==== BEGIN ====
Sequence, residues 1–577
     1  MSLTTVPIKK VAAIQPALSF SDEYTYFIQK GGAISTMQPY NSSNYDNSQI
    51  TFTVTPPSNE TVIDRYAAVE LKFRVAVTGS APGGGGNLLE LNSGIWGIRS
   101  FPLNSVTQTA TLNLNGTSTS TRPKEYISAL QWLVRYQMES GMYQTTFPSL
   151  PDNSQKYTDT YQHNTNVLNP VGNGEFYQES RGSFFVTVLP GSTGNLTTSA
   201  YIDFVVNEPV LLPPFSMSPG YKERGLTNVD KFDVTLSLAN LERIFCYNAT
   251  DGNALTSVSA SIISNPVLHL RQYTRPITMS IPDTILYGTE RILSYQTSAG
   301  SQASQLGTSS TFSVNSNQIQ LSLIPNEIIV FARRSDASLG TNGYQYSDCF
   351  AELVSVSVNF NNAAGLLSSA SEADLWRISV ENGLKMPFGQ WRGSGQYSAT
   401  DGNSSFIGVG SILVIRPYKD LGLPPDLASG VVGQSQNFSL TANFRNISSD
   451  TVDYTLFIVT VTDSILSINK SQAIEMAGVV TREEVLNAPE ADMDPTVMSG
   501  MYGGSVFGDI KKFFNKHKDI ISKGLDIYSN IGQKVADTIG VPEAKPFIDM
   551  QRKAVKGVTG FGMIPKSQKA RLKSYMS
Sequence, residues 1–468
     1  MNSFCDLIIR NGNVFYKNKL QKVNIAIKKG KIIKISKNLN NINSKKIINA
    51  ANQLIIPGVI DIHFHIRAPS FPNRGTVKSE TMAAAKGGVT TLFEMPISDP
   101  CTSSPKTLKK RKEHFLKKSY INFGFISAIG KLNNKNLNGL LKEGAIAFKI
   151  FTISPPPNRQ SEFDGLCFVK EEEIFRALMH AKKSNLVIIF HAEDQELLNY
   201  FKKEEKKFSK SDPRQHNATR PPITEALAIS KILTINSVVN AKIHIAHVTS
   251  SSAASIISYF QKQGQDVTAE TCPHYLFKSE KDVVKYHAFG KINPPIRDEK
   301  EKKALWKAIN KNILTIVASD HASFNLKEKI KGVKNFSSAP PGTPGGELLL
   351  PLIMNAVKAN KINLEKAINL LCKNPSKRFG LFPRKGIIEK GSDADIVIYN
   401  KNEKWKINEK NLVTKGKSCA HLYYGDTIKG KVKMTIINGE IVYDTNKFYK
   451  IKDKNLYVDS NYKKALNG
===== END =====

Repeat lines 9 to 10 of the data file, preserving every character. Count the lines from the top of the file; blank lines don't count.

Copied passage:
   351  AELVSVSVNF NNAAGLLSSA SEADLWRISV ENGLKMPFGQ WRGSGQYSAT
   401  DGNSSFIGVG SILVIRPYKD LGLPPDLASG VVGQSQNFSL TANFRNISSD